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NHSE's lead GP says CP is part of 'whole system' approach

Health & NHS

NHSE's lead GP says CP is part of 'whole system' approach

NHS England’s medical director for primary care says the costs in primary care to manage the Covid-19 infection should be looked at in the round. “If people are incurring costs due to Covid, we should be reimbursing them,” Dr Nikki Kanani told listeners to NHS England’s community pharmacy Covid webinar on Wednesday evening. “I hope we can provide more details about that soon.”

“In terms of rates of pay, we need the whole system to help on Friday and Monday. They are not Bank Holidays, they are working days” she said. “The rates for general practice and for pharmacy will be normal working day rates because it has to be the whole system coming together.” Dr Kanani said she had floated to ministers the idea of having the Bank Holidays back later in the year. “ I don’t have it in my power,” she said, “but at the end of this, and there will be an end, the whole system will need time to try and recuperate.”

She said that a direct comparison with general practice was difficult, not least because of the differences in the contracting arrangements - to allow GP practices to be open, for example, required legislative changes. But the NHS has tried to be more practical about the hours for Easter opening in community pharmacy. Acknowledging the demand for community pharmacy, as evidenced by the queues for services, Dr Kanani said: “You have been working flat out, so a portion of the day was thought to be more proportionate. I hope the intent, to try and look after community pharmacy a little bit, is recognised.

“We are trying to make sure the whole NHS is present and responsive,” Dr Kanani said. “We want the whole NHS to be working Friday and Monday as one system. That’s the right thing to do for patients, and to support each other, whatever sector we work in.”

She said NHS professionals need to look out for one another. In a comment which drew the immediate agreement of webinar host chief pharmaceutical officer Dr Keith Ridge, she said: “At the moment the most vulnerable in the out of hospital space is community pharmacy. Where we are having conversations about prioritisation, I repeatedly say community pharmacy needs access to testing, because their doors are open in a way that others aren’t.” 

In a refreshingly direct presentation on the practicalities of the approach in primary care, Dr Kanani told listeners to NHS England’s community pharmacy Covid webinar on Wednesday evening: “We are trying to look after patients in three main cohorts,” she said. “One is those patients who are shielded, who are extremely at risk of the complications of Covid-19 infection. They’ve been asked to stay at home, avoid all face to face contact - a huge ask for an individual psychologically and emotionally. It’s about 1.3 million patients across the country.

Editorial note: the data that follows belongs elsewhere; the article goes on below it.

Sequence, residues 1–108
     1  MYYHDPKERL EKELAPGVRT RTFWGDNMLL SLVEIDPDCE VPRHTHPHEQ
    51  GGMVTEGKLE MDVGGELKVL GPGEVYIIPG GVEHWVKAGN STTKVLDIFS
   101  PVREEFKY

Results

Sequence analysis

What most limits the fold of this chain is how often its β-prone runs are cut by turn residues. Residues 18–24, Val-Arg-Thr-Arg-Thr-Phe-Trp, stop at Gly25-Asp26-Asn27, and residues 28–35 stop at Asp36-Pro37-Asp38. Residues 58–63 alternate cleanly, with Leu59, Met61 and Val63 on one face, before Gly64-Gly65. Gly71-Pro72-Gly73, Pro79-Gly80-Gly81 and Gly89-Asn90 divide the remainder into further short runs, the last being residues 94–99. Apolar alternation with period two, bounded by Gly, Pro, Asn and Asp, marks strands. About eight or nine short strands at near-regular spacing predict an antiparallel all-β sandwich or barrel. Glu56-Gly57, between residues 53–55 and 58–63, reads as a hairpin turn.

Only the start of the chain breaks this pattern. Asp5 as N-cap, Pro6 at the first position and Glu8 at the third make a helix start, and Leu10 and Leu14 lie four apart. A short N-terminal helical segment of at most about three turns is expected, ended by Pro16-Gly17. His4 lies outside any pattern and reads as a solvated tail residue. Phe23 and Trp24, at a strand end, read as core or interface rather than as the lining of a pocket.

“We then have a cohort of patients with symptoms of Covid-19, but who are not unwell enough to go into hospital. The third category is the wider population, who are still getting unwell, MIs, strokes - sadly they are not turning up to the appropriate services. We are making sure they can get care as well. Across all those cohorts are our staff, and making sure they are well and supported - this is completely applicable to the pharmacy sector.”

Dr Kanani said she recognises that community pharmacists have faced difficult situations where “it looks like general practice has closed their doors.” A GP herself, Dr Kanani said: “The advice we gave general practice is to remote triage patients online, on the telephone or through the app. That has been a huge change in general practice. It can feel quite different on the ground.” In her own practice, very few patients are now being brought in. “I recognise that some of those patients will be asking you for advice. Thank you for that.

“I don’t want any part of the system to feel closed for patients,” she said. “I know practices were anxious about this, particularly at first. If there is difficulty that needs to be escalated to commissioners and regional teams. We need to do what we can to support patients. That’s the whole system. I recognise the right PPE and the right remuneration, but we need to feel that doors are not shut.”

In his opening remarks on last night’s webinar, Dr Ridge paid tribute to the community pharmacy workforce. “Community pharmacy is making an immense and important contribution in the fight against Covid. Be in no doubt that community pharmacy is an essential part of the NHS team and important to the NHS as a whole, and especially right now. Our aim is for the community pharmacy sector to thrive and we will support you as much as we can.”

“Every day I am hearing stories of pharmacy professionals demonstrating the utmost courage and acts of great kindness at this difficult time. I am extremely grateful to all pharmacists, pharmacy technicians and their team who continue to work long hours to ensure people can get the health advice, care and medicines they need. We are trying as hard as we can as best as we can to support you.”

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